The week leading up to the Feast of Our Lady of Sorrows is a special one, as it means I get to celebrate both of my moms. My biological mother's birthday is on September 12th, and my spiritual mother's feast day of Our Lady of Sorrows is celebrated on September 15th.
I suppose "Celebrate" is a rather odd word to combine with the image of Our Lady of Sorrows; that is, Our Lady at the foot of the Cross, or with seven swords piercing her exposed heart, or the Pietá, Mary holding the corpus of her dead Son.
But the beauty of the Christian faith comprises the paradoxical juxtaposition of joy and sorrow.
This is seen especially at Christmas time in the juxtaposition of the celebration of the birth of Our Lord alongside the feast days of martyrs such as St. Stephen, the Holy Innocents, and St. Thomas Becket. (T.S. Eliot eloquently remarks on this holy juxtaposition in a sermon given during his play, Murder in the Cathedral, which depicts the martyrdom of St. Thomas Becket).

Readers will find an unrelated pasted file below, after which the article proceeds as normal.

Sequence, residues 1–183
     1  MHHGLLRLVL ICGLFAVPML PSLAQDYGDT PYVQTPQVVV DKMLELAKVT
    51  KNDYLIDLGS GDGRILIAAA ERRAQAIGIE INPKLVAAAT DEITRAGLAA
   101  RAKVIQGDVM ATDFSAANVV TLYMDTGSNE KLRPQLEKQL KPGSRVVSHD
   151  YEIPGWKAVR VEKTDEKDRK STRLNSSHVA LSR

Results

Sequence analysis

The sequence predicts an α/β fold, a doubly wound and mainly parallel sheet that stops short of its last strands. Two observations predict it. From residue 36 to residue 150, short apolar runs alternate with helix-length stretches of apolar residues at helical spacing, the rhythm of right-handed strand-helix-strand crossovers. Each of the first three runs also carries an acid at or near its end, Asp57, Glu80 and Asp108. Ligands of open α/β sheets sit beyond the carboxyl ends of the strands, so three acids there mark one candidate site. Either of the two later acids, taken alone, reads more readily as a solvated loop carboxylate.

These moments in the liturgical year serve as a reminder that while tragedy and suffering are a part of this earthly life, we do not walk this difficult road alone. To quote the recent interview with Late Show host, Stephen Colbert, "God does it, too." And so did the Blessed Mother. May we take comfort and even find joy in that knowledge.
"Her eyes were sad withouten art,
And seven swords were in her heart—
But one was in her hand. ...
... The men of the East may spell the stars
And times and triumphs mark,
But the men signed with the Cross of Christ
Go gaily in the dark."
-- G.K. Chesterton, The Ballad of the White Horse.